Last year defied most expectations. Synchronistic global growth led to a surge in corporate profits, which in turn pushed worldwide stocks higher. The FTSE All-World index shot up nearly 22 percent, its biggest rise since 2009. U.S. markets were along for the ride: The Dow Jones Industrial Average increased by 25.1 percent, the S&P 500 index was up 19.4 percent and the NASDAQ Composite jumped 28.2 percent. The year’s progress propelled the second-longest bull market on record, which began in March 2009, towards a ninth anniversary.
But that’s history. Now it’s time to look ahead and to remind you that the stock market is not the economy and the economy is not the stock market. Despite the sterling performance of equities, only 54 percent of Americans report having money invested in the stock market at all (including individual stocks and stock market funds held inside or outside of retirement accounts), a share that is down from 62 percent just before the financial crisis, according to Gallup.
Considering that nearly half of us don’t give a hoot about the stock market, here are four questions to consider for 2018:
- How will the economy perform? From the end of World War II until the Great Recession, gross domestic product averaged just over 3 percent growth annually. In the post-crisis years, growth has bounced around between 1.5 percent and 3 percent. Due to a slow start to the year, it looks like 2017 will show growth of about 2.3 percent overall. Most economists believe the corporate tax cut will add a bump up in 2018 — estimates now range from 2.5 percent to 3 percent GDP.
- Will employment continue to improve? The economy added about 175,000 jobs per month in 2017, down from previous years but stronger than expected this deep into the recovery. The unemployment rate, which is hovering just over 4 percent, is down 0.5 percent from a year ago and officials at the Fed are forecasting it could go below 4 percent in 2018. With jobs continuing to grow and the unemployment rate at low levels, economists say workers should see bigger increases in wages. Over the past few years, wages have risen 2.5 percent to 3 percent annually; projections for the year to come are for increases of more than 3 percent.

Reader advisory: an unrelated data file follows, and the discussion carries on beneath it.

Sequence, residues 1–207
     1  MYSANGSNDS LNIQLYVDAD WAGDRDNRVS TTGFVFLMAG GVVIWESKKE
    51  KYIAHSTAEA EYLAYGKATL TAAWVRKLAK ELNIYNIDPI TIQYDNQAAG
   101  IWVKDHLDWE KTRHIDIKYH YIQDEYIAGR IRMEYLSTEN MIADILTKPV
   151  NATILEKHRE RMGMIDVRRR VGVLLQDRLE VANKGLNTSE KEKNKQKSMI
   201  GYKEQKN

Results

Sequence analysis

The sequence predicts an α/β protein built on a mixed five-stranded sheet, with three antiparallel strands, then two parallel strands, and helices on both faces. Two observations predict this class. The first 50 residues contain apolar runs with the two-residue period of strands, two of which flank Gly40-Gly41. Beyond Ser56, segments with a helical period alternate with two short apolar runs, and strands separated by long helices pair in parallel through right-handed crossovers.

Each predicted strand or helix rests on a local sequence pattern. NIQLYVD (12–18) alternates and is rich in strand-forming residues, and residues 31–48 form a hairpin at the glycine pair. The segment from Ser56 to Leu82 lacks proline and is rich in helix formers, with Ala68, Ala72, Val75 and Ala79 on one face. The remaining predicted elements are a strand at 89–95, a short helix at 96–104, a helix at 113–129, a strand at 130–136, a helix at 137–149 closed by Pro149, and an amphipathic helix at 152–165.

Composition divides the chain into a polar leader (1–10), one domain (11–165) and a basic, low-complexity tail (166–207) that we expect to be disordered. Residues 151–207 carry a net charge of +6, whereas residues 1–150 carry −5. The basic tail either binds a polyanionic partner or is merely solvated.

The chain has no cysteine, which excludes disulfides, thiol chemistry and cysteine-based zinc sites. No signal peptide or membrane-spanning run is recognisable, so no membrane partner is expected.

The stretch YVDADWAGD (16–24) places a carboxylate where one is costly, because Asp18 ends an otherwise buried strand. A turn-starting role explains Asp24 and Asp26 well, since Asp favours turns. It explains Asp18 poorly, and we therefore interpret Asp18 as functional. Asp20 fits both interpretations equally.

- What’s going to happen in the housing market? The real estate market was plagued by one big problem in 2017: There were very few homes for sale, which probably pushed up prices by 6 percent in 2017. On top of the inventory issue, there is a new worry on the horizon: The GOP tax plan will limit the deductibility of state and local taxes and property taxes to $10,000. Some analysts believe the change could negatively affect high-cost, high-tax states such as New York, New Jersey and California.
- Will interest rates continue to drift higher? The Fed raised short-term interest rates three times in 2017 and, based on their predictions at the December meeting, they expect a repeat performance in 2018. But longer-term rates, as measured by the yield of the 10-year Treasury note, ended 2017 at 2.409 percent, down a touch from 2.446 percent a year ago. Relatively low interest rates have helped the economy overall as well as the housing and stock markets, but if growth accelerates, both the Fed and investors may push up rates more than anticipated, which would be good news for savers, bad news for borrowers and potentially bad news for investors.